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« Reply #4 on: April 23, 2009, 06:05:55 pm »

GG,

the way you have it set up now is, coincidently, causing part of the confusion  - if I'm not confused too much too  Roll Eyes

There's a difference here between the "mount point of a partition" - and the "root" of the system - although they *could* be the same.

Are you booting from bios through grub/lilo/win directly to  " /mnt/vl6light " ?

If you use Thunar or Midnight, where are you when you cd to ' / ' ?


Let's think in Windows terms, just to look at it from another angle.

The root (if you will) of windows C: drive is C:\ ... and everything builds from there.
Open explorer and type in,  say,

C:\Documents and Settings\Grannygeek\Desktop 
(or whatever your username really is)
 
If in that same explorer window, you type merely ' \ '
it will take you back to the root of the c drive at C:\

If windows could do this (maybe it can, but that's way over my head),
you could say, well I'd like you to "pretend" your root is really C:\temp\Hello\

At that point, if you typed " \ " in a *new* explorer window, explorer would *show* that you were at ' \ '
But --- and here's the trick --- your hardware is really aimed at C:\temp\Hello... the OS just thinks this directory IS the root.

So Physical Drive: C:\temp\Hello *equals* logical directory C:\

This is what chroot in linux does - like a mount, but NOT the same - it says, OK you want me to think hda2/temp/hello is root? Ok fine, from the chroot on, I'll treat it as such... it becomes a logical directory tree within the *bigger* physical tree. And the Shell window Rodrigo mentions doesn't know anymore about the bigger picture.

I think part of the confusion - and why you got the error message - is that you are chroot'ing to the physical tree partition base... it's like saying 'root = root'

Each 'install' lives in its own smaller tree within the bigger tree.
You start in the big, chroot to the small... but the shell window and what runs in it thinks the new tree is *all* it has ... it can't see the bigger tree.
That way you can create a bunch of smaller trees, each with their own flavor of os, and chroot to each as you need.

Rodrigo (or anyone more knowing) *please* correctly me if any of this is wrong!
say its ' / ' 


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rbistolfi
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« Reply #5 on: April 23, 2009, 06:16:08 pm »

If I mount my VL6 Light partition under /mnt/vl6light (which is my usual mount point for that partition) and then chroot /mnt/vl6light, what advantage for keeping that partition clean do I have over just booting to VL6 Light and building a package there?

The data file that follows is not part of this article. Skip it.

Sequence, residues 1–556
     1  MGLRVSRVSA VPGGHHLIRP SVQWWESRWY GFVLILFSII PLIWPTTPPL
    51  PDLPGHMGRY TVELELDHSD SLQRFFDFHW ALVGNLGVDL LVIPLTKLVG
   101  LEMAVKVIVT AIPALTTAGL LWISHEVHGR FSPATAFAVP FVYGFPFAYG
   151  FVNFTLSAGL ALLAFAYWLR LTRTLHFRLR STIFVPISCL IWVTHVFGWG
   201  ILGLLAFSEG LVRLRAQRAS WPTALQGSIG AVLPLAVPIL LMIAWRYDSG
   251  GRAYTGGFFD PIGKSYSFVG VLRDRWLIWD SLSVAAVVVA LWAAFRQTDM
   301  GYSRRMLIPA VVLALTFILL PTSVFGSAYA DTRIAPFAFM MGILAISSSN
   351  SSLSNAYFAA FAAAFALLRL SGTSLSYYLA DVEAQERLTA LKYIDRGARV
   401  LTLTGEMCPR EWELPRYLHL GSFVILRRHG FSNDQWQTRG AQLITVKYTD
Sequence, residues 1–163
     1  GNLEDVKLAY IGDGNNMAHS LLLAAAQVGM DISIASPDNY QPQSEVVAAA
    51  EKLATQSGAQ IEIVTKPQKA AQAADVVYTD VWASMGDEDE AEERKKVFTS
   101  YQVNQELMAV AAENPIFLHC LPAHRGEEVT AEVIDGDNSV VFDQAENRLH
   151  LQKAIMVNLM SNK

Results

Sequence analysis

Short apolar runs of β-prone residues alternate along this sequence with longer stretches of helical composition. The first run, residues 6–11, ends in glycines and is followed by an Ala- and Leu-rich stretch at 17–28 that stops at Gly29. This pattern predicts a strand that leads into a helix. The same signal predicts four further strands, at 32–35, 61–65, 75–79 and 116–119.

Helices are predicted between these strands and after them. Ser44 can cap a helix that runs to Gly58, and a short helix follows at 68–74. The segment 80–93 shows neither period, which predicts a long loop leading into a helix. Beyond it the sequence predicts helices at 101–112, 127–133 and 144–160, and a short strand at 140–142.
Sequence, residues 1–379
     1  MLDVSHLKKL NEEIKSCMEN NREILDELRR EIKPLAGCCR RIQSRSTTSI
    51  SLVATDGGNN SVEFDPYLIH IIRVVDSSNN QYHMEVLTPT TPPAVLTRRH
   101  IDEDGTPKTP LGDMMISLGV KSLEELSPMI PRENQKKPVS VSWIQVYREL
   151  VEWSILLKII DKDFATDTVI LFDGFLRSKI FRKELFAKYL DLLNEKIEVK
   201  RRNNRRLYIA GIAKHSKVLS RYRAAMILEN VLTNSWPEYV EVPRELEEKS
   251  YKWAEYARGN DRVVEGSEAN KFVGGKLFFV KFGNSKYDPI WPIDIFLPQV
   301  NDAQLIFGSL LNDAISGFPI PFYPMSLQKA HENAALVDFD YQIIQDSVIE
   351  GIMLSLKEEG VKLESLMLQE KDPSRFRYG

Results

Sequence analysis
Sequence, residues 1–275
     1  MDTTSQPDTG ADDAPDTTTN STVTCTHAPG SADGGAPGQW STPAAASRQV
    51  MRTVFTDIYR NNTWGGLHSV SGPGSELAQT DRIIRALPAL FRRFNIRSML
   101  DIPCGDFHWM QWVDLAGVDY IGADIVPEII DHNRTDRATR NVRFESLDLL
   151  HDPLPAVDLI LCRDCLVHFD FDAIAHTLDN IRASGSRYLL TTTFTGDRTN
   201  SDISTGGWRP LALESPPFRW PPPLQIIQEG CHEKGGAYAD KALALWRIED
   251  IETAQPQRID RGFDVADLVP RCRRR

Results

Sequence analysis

It would be the same. In the case of packaging chroot only advantage is to avoid rebooting. I also have a clean chroot tarred, uncompressing it is quicker than a reinstall for me.

Quote
Wouldn't the chroot partition get just as "dirty" as building in the actual partition? I mean, if dependencies have to be installed in order to build the package, they get placed in the VL6 Light partition anyway, do they not, even using chroot?

Yes, you have to keep your chroot clean in the same way you would do with a regular install.

Quote
If I chroot VL6 Light and have to "dirty" it in order to build a package, wouldn't I have to reinstall VL Light from my clean backup so the partition is clean for the next build? Or is chroot /mnt/vl6light a virtual partition that disappears once I'm finished building a package?


The packages will be installed there and the partition will not go away. With chroot you only change the / location for the given shell. For the next build you have to removepkg the extra unneeded dependencies. Chroot doesn't help at all for keeping clean the build environment.

Quote
(Which brings up another question: how do I get rid of the new root and back to my "real" partition?)

With the exit command, or control+d in almost every shell.

Quote
My next question:
How do I get the "new" root with the chroot command? As root I did
chroot /mnt/vl6light
and I got this:
chroot: cannot run command `/bin/sh': Permission denied

chroot <path> would leave you in the new /.

Quote
vector1:/~
root:# pwd    
/root
vector1:/~
root:# chroot /opt/chroot6.0/
vector1://
root:# pwd
/

After executing chroot, the working directory of the current shell is / (the fake one). The error you are getting is maybe related to the options used for mounting the partition. Be sure you dont have noexec, or that you have exec after users or user. Users and user mount option implies noexec.

EDIT: Windozer beat me Smiley
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"There is a concept which corrupts and upsets all others. I refer not to Evil, whose limited realm is that of ethics; I refer to the infinite."